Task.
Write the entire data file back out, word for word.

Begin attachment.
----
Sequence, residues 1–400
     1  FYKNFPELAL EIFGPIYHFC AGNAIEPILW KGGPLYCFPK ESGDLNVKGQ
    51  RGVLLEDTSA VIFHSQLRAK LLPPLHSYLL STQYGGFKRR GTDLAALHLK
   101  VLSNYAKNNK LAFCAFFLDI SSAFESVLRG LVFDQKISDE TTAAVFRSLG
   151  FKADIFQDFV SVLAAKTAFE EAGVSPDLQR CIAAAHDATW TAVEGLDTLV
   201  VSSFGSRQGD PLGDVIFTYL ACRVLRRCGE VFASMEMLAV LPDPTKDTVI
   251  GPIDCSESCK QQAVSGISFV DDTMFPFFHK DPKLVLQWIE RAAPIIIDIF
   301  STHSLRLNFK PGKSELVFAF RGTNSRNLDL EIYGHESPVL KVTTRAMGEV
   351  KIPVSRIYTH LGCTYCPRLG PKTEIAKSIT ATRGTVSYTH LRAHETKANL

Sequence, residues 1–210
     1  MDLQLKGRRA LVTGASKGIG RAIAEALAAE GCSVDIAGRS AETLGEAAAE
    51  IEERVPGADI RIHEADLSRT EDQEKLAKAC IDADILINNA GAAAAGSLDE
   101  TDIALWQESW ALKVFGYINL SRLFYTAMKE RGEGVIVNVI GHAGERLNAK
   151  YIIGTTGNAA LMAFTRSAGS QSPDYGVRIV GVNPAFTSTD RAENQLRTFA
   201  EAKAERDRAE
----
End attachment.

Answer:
Sequence, residues 1–400
     1  FYKNFPELAL EIFGPIYHFC AGNAIEPILW KGGPLYCFPK ESGDLNVKGQ
    51  RGVLLEDTSA VIFHSQLRAK LLPPLHSYLL STQYGGFKRR GTDLAALHLK
   101  VLSNYAKNNK LAFCAFFLDI SSAFESVLRG LVFDQKISDE TTAAVFRSLG
   151  FKADIFQDFV SVLAAKTAFE EAGVSPDLQR CIAAAHDATW TAVEGLDTLV
   201  VSSFGSRQGD PLGDVIFTYL ACRVLRRCGE VFASMEMLAV LPDPTKDTVI
   251  GPIDCSESCK QQAVSGISFV DDTMFPFFHK DPKLVLQWIE RAAPIIIDIF
   301  STHSLRLNFK PGKSELVFAF RGTNSRNLDL EIYGHESPVL KVTTRAMGEV
   351  KIPVSRIYTH LGCTYCPRLG PKTEIAKSIT ATRGTVSYTH LRAHETKANL

Sequence, residues 1–210
     1  MDLQLKGRRA LVTGASKGIG RAIAEALAAE GCSVDIAGRS AETLGEAAAE
    51  IEERVPGADI RIHEADLSRT EDQEKLAKAC IDADILINNA GAAAAGSLDE
   101  TDIALWQESW ALKVFGYINL SRLFYTAMKE RGEGVIVNVI GHAGERLNAK
   151  YIIGTTGNAA LMAFTRSAGS QSPDYGVRIV GVNPAFTSTD RAENQLRTFA
   201  EAKAERDRAE